What is Standard Work?
Put simply, standard work is all about defining and implementing the most effective and efficient way to deliver value.
In his book, “Standard Work is a Verb”, John Allwood compares standard work to a GPS. Just like there is an optimal route to get from point A to point B, there is an optimal route of processes and procedures to follow in order to turn, for example,
- ingredients into a hamburger
- components into a car
- laboratory samples into patient results.
Standard work takes into consideration an array of factors such as quality, cost, safety, waste. Therefore, it isn’t just a nice-to-have. Standard work is a pre-requisite for operational excellence and is essential to:
- ensuring consistent execution standards, product quality and worker safety;
- providing effective and efficient training
- enabling accurate measurement of operations
- implementing continuous improvement initiatives.
Let’s look at those benefits of standard work in more detail.
What do a Michelin star restaurant and McDonald’s have in common? While food connoisseurs might be offended by the comparison, the fast food giant and any haute cuisine restaurant share a commonality – both rely on strict adherence to standards.
“In order to earn a Michelin Star, you must produce consistently high quality dishes. Chefs should be able to produce all dishes to the highest standard and show a “mastery” of their trade.” 1
Adherence to standards helps to create consistency in the quality of the product – a pre-requisite for customer satisfaction. Discovering that the pickle is missing from your sandwich or not getting a foamy enough cappuccino can be a disappointing customer experience resulting in lost business and poor brand reputation.
Health and Safety
Lack of standardization and consistency can have even more significant implications, posing a threat to customer and workers’ health and safety. Imagine a car manufacturer who has not standardized the installation of a braking system in their cars or a pharmaceutical company that does not follow an SOP when producing vaccines.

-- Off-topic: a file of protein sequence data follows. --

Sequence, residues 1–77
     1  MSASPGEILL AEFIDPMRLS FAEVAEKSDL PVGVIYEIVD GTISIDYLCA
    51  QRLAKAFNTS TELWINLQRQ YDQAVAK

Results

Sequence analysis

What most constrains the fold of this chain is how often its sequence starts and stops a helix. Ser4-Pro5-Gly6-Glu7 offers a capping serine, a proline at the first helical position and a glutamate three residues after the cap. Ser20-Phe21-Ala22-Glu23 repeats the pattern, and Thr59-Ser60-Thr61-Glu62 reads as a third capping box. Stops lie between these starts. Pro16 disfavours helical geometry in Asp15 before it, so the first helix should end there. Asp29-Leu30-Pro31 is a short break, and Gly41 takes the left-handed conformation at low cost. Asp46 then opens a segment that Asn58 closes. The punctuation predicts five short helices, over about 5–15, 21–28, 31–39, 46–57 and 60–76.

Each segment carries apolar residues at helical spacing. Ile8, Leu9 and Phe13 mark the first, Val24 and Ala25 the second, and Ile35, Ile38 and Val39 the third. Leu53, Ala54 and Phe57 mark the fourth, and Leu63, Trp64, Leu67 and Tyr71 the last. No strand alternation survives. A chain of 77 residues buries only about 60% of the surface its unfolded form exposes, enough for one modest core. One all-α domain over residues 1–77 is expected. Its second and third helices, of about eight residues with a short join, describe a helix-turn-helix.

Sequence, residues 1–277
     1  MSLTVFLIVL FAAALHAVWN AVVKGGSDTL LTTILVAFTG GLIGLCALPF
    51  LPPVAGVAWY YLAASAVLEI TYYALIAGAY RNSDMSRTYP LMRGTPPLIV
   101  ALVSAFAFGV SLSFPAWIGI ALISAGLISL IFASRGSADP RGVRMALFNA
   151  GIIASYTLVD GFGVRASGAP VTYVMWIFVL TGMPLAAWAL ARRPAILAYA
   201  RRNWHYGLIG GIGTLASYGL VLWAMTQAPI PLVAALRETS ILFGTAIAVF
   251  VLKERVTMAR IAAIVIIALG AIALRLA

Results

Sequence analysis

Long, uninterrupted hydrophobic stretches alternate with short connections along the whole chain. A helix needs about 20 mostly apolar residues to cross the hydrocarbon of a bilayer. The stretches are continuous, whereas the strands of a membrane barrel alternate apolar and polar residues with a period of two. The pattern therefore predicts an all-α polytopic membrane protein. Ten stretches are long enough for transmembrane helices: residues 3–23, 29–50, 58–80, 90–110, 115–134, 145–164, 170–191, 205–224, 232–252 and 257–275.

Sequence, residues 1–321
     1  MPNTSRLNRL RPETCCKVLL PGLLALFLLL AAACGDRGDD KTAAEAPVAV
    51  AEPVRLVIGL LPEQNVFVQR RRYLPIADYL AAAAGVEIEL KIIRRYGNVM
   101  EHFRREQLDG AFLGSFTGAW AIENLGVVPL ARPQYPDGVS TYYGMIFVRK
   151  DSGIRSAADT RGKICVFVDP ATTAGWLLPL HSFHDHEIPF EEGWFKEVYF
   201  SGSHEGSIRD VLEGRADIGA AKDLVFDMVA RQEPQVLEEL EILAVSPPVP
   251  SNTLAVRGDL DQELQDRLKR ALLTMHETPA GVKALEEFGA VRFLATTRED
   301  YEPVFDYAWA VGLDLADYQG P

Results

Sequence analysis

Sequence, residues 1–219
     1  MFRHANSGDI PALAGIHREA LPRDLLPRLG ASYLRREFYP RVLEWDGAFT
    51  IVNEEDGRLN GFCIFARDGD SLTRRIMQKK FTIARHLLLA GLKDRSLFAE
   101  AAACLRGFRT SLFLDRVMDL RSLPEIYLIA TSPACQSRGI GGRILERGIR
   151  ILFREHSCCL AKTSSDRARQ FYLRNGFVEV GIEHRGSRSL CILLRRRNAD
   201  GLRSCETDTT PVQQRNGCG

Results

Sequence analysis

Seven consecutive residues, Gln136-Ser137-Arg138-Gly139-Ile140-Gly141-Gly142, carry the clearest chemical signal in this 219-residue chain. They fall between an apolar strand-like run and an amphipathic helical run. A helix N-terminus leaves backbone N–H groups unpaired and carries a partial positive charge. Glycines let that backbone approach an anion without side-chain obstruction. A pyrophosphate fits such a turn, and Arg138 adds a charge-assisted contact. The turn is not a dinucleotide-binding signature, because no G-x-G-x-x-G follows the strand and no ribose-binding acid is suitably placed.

Faster, more efficient training
How can organisations continually absorb people into variable, complex processes as efficiently a possible and in a way that generates consistency and quality in production?
Training and on-boarding are particularly challenging in high-churn industries, costing valuable time and resources for organisations and often proving unhelpful to employees. This is likely to result in subpar performance and low employee retention rate, creating the need for more training and worsening the problem.
Without standard work in place, how can organisations train their employees or measure the efficiency of the training programme? Imagine starting work in a packaging facility. Your training officer has provided you with one set of instructions only for your line manager to then suggest you perform the task differently while your co-worker, having discovered a shortcut, is following an entirely different process.
It is easy to see how such an environment is prone to lead to errors and waste. Compare that to a set of videos showing the one best way to perform the task that workers can access at the point of action. This helps to put in place one source of truth, eliminating second-guessing and inconsistency.
What cannot be measured, cannot be improved
How can a manufacturer with factories across the globe or a restaurant chain with outlets worldwide measure performance if there is no standard to benchmark against? Standardizing the execution of operations enables the measurement of their effectiveness and efficiency, helping to predict results, profits and costs more accurately and to identify the need for corrective action.
Standard work helps to ensure that every worker is executing tasks by following the specific set of rules and processes. This helps to reduce errors, waste and risks and also facilitates problem-solving. For example, an operator on the shop floor can diagnose why a defective part was produced by checking every step of the standard procedure and identifying the point of non-conformance.This leads to the next, interrelated benefit of standard work – driving continuous improvement.
Standard work is the baseline for CI
‘Standard work’ and ‘continuous improvement’ might sound contradictory at first. After all, aren’t standards supposed to be set in stone? Going back to some of the above examples, does adherence to standards mean that chefs’ creativity in Michelin star restaurants is stifled? Do visual work instructions in the packaging facility mean that workers are not allowed to suggest process improvements? Not at all. On the contrary, standard work enables continuous improvement in a structured, measurable way. In Taiichi Ohno's famous words:
By enabling accurate measurement, standard work helps to identify those processes or activities whose efficiency can be maximised. This snipped from ‘The Founder’ offers a great illustration of how interlinked standard work and continuous improvement are.
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